That night, the monitoring of the baby got more disconcerting. She was no longer moving around as much -- her heartbeat was strong, but she was no longer kicking. In the morning, the nurse came in and told me to eat a big breakfast to try to get her jumpstarted and told me they would hook me up to the monitor again after I had eaten. I was starving, so I dug in... but after downing the first sausage, the nurse came running back in and said, "stop eating. The doctors are really concerned about the readings from last night and it looks like today is a birthday." A few minutes later, four doctors walked into my room and told me that it was their strong opinion that I needed to get this baby out and that they wanted to do a c-section that afternoon. I have to say - despite all the labs and repeated visits from doctors and high risk doctors telling me that I was going to have to have a baby SOON, I wasn't prepared for this meeting. We asked to be left alone to talk about it -- but, really, there were no options. As the high risk doc put it "your liver pain is something we're not used to and if your liver ruptured, that would be shitty."
So, we got ready to have a baby 8 weeks early. Kailey was born at 3:38 PM via c-section. She was 3 lbs, 1 ounce. The next 48 hours were pretty rough. The first 12 hours after the c-section were excurciating. They put Kailey on my chest for a minute in the operating room right after she was born -- and I didn't see her again until 5 AM the next morning. I tried to get into a wheelchair and go visit her at 1 in the morning, but that resulted in a lot of puking.
I remained in the hospital until Tuesday, April 22nd, and Kailey is still there in the NICU. My blood pressure is still high -- but apparently it doesn't go down right away. I'm on blood pressure meds and doing daily monitoring of my BP level.
It is the weirdest and hardest thing to leave your new baby in the hospital while you go home. But, Kailey is doing well and has exceeded all expectations in her the last two weeks in the NICU. She was able to breathe on her own from the beginning and today - her 2 week anniversary (it feels longer than that) - she has gained 12 ounces. The doctors think she'll be there for a total of 6 weeks; although, they say she acts older than her gestational age. She is practicing breastfeeding (they call it "recreational breastfeeding" but it isn't very recreational...) Kai is figuring it out though. Everyone was amazed she could even latch on. But, she is so tiny that she doesn't really have the power necessary to breastfeed exclusively, so they still feed her through a tube through her nose. Which means pumping every three hours for me to make sure she has enough milk to actually get the nourishment she needs. She's making great progress and is already doing a lot of things she has to do to be able to come home. The doctors call her "strong", "fiesty", and "mighty". But she was born really small, even for her gestational age (she's in the 10th percentile for 32 weekers) and she has to get bigger before she can come home.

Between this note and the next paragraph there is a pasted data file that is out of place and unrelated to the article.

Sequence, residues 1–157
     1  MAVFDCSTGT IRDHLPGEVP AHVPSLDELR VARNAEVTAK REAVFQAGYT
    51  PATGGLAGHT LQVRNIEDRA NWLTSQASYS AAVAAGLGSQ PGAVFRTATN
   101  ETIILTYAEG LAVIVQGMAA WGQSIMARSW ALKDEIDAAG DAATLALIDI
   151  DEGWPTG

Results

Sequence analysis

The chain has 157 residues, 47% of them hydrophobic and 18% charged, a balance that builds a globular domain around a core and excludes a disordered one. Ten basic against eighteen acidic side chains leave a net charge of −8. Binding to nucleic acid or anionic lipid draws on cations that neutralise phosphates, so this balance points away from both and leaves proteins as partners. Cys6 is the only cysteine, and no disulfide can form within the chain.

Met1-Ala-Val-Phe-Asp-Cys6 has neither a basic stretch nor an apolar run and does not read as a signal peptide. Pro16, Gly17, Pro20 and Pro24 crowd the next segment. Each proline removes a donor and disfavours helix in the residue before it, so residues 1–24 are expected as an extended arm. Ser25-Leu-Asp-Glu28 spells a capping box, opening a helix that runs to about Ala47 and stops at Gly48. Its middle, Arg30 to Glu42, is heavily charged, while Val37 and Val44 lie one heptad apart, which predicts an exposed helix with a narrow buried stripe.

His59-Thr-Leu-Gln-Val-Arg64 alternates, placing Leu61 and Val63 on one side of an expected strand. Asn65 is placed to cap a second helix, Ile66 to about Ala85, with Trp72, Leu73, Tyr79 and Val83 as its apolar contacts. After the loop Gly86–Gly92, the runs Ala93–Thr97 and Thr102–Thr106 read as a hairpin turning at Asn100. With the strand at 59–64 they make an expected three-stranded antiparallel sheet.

We've had so much help from friends and family the last two weeks -- it's been really incredible and I honestly don't know how we would have gotten through this last week without everyone pitching in on our behalf. We've had help finding contractors to finish a lot of the kitchen work, cleaning up the debris in the backyard, doing laundry, cleaning Kailey's room, painting and priming, buying flowers and plants for the front yard and turning the big dirt pile that we left in the front yard last fall (before we took on the kitchen we were doing some extreme yardwork... which included a lot of wall building and dirt hauling... we're talking hundreds of gallons of dirt... and then we found out I was pregnant and sort of left the yard and turned our attention to the kitchen). But now, the front yard is really something beautiful. So, we are continuing to make progress on the house -- Eric is putting in the floors as I type this.
Our lives aren't going to seem normal again until Kailey is home -- but, in the meantime, we are doing everything we can to bond with her and also continue to get ready for her even though she is already here.
OK -- I'm off to the hospital.
Here are a few pictures: